It is 119 kilometres from Te Anau to Milford. We left Te Anau at 10 AM figuring we would take about four hours or more to travel this road as we heard and read that it is a heavily trafficked road with lots of photo op stops on up the way. For the first half of our journey we did not see another car, no sheep, cows or deers and the mountains were hidden in clouds. When we made our first stop for a restroom break there were two vans pardoned for camping. At the next stop, Mirror Lake, all of a sudden there were two buses unloading and cars pulling in. We don’t know where they came from. Mirror Lake was well laid out with a path we could walk in either direction and a sufficient number of views along the lake that we did not feel crowded. Miraculously the clouds had given way to sunshine and beautiful snow covered mountains were reflected in the lake.
That was yesterday. No internet since.
Now in the Postmaster Cafe in Riverton. Spent last evening cruising Milford Sound. Awesome starry night. Spent the night on the Milford Mariner.
We have been on Stewart Island since March 5. In internet parlance that is like dropping off the end of the earth, however, we just discovered that the library has a free wifi hot spot whether the library is open or not. Unfortunately outside here the sand flies are biting.
The Chasm Falls was an amazing jet of water hurtling through a narrow limestone gorge, carving potholes on its way. We were able to view the falls from two different bridges from dizzying heights. Again the pathways were well laid out to handle streams of tourists ambling through. We were there ahead of bus loads and at no point did we feel crowded.
We drove through the mountain entering the Homer tunnel at 700 metres and came out of the roughly tunnel 1.2 kilometres further at 920 metres. Although everyone said we would see keas (parrot) on the other side of the tunnel, we did not…until our return journey the next day. Then three or four keas were hopping along side our car and looked as if they would fly right into the car looking for handouts. We saw them land on other car rooftops and trunks.
We arrived in Milford Sound much earlier than predicted. It was sunny and warm in Milford where we had cappuccinos and our picnic sandwiches. Apparently the only sun in New Zealand was happening in our corner. Everywhere else was cold and wet. It was the first people had seen sun in Milford in a couple of weeks.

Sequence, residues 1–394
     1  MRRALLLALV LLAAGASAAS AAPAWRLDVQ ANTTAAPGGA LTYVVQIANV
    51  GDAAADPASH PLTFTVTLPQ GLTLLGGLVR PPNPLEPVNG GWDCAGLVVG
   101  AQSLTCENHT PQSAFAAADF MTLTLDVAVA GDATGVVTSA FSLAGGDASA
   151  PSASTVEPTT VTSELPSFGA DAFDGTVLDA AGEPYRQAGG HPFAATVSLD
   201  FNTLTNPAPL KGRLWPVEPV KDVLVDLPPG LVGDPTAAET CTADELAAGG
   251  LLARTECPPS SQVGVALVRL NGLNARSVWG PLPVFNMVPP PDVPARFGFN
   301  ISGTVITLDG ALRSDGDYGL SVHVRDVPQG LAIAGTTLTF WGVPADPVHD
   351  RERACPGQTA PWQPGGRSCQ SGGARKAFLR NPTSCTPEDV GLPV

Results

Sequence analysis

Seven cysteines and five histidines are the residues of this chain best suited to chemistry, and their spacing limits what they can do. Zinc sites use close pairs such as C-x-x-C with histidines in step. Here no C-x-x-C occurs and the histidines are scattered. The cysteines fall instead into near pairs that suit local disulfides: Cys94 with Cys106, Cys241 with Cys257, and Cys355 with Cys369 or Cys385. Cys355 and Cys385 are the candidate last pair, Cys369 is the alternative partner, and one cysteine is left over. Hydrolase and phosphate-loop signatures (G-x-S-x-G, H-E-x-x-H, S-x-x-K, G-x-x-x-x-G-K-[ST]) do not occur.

At 4:30 PM we boarded the Milford Mariner where we were given keys to our suites and warm blueberry muffins. The cruise in the Milford fjord was awesome. We were told that it is even more beautiful in a downpour as the high cliffs cascade with even more waterfalls. The 160 metre falls closest to the dock supplies fresh water for the sightseeing boats and for the village. There are 170 permanent residents. About fourteen thousand hikers walk the Milford track each year.
We cruised out to the Tasman Sea and along the shores of the sea. We were meant to anchor in one of the bay’s close to the mouth for the night and do some kayaking but it was too windy and wavy; so we cruised back to Deep Water Basin, closer to our starting point and spent the night there. We had a great buffet supper with lamb, roast beef, green-lipped mussels, scallops, shrimp, cod, lots of vegetables, and salads after our chowder appetizer. The dessert table was bountiful with pavlova, mango cheesecake, lemon tarts, brownies, fruit salad, a cheese and cracker board, and bowls of nuts. Obviously we did. to eat everything, but we ate too much.
It was a full starry night with many constellations we could not name, except for Orion. In the morning our captain took us along shore in a small tender and told us much about the fjord. Our cruise on Milford Sound will not soon be forgotten.